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Texas Statute of Limitations

Texas Code of Criminal Procedure Chapter 12 governs Texas current criminal statutes of limitation. A statute of limitation is the deadline by which the state, in the case of a misdemeanor, has to submit an information (or the charging document) against a defendant to a proper officer of the court or the grand jury, in the case of a felony, has to file an indictment against a defendant with a proper office of the court.

The statute is met when the prosecution has filed before the expiration of the statute, even if they have yet to apprehend the defendant. Failure to apprehend the defendant prior to filing the case, however, is a different matter all together.

What this means is that most offenses have an expiration date by which a defendant must be charged. You can see many of the Statutes of Limitation specific to Texas law in the table below.

All misdemeanors have a 2 year statute.

Charge Statute of Limitations Code of Criminal Procedure Section
Murder None 12.01(1)(A)
Manslaughter None 12.01(1)(A)
Indecency with a Child None 12.01(1)(E)
Continuous Sexual Abuse of Young Child(ren) None 12.01(1)(D)
Leaving the scene of an accident (if it resulted in the death of a person) None 12.01(1)(F)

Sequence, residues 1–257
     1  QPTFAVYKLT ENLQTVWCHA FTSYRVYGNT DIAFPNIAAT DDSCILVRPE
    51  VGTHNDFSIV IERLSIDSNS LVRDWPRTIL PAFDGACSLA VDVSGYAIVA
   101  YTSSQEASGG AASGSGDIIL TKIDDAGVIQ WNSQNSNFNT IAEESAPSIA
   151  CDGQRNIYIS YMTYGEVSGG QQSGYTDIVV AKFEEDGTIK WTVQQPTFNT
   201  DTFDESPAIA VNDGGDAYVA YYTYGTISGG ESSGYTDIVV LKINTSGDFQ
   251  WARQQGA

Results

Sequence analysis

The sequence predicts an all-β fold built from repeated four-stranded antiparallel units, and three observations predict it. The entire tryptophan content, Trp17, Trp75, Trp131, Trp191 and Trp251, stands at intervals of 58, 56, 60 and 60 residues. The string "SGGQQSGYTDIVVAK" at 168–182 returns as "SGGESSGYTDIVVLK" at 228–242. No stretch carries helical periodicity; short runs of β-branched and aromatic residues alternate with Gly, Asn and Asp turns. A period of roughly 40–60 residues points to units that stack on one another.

Child Trafficking None 12.01(1)(G)
Sexual Assault of a Child None 12.01(1)(B)
Aggravated Sexual Assault of a Child None 12.01(1)(B)
Sexual Assault (If DNA obtained in the course of the investigation and it does not match the victim.) None 12.01(1)(C)
Theft (involving fiduciaries or officials’ forgery) 10 years 12.01(2)(A)
Theft by a public servant 10 years 12.01(2)(B)
Forgery 10 years 12.01(2)(C)
Injury to an Elderly or Disabled Person 10 years 12.01(2)(D)
Sexual Assault (other than those listed above with no statute of limitations) 10 years 12.01(2)(E)
Arson 10 years 12.01(2)(F)
Trafficking of Persons 10 years 12.01(2)(G)
Compelling Prostitution 10 years 12.01(2)(H)
Misapplication of Fiduciary Property or Property of a Financial Institution 7 years 12.01(3)(A)
Securing Execution of Document by Deception 7 years 12.01(3)(B)
False Statement to Obtain Property or Credit 7 years 12.01(3)(D)
Money Laundering 7 years 12.01(3)(E)
Credit/Debit Card Abuse 7 years 12.01(3)(F)
Fraudulent Use or Possession of Identifying Information 7 years 12.01(3)(G)
Medicaid Fraud 7 years 12.01(3)(H)
Bigamy 7 years 12.01(3)(H)
Theft 5 years 12.01(4)(A)
Robbery 5 years 12.01(4)(A)
Kidnapping 5 years 12.01(4)(B)
Burglary 5 years 12.01(4)(B)
Injury to an Elderly or Disabled Person (not a first-degree felony) 5 years 12.01(4)(C)
Abandoning/Endangering a Child 5 years 12.01(4)(D)
Insurance Fraud 5 years 12.01(4)(E)
Theft (up to $1500) 2 years 12.02


All misdemeanors have a 2 year statute.

Written by: Rosenthal Kalabus & Therrian Last Updated : August 6, 2019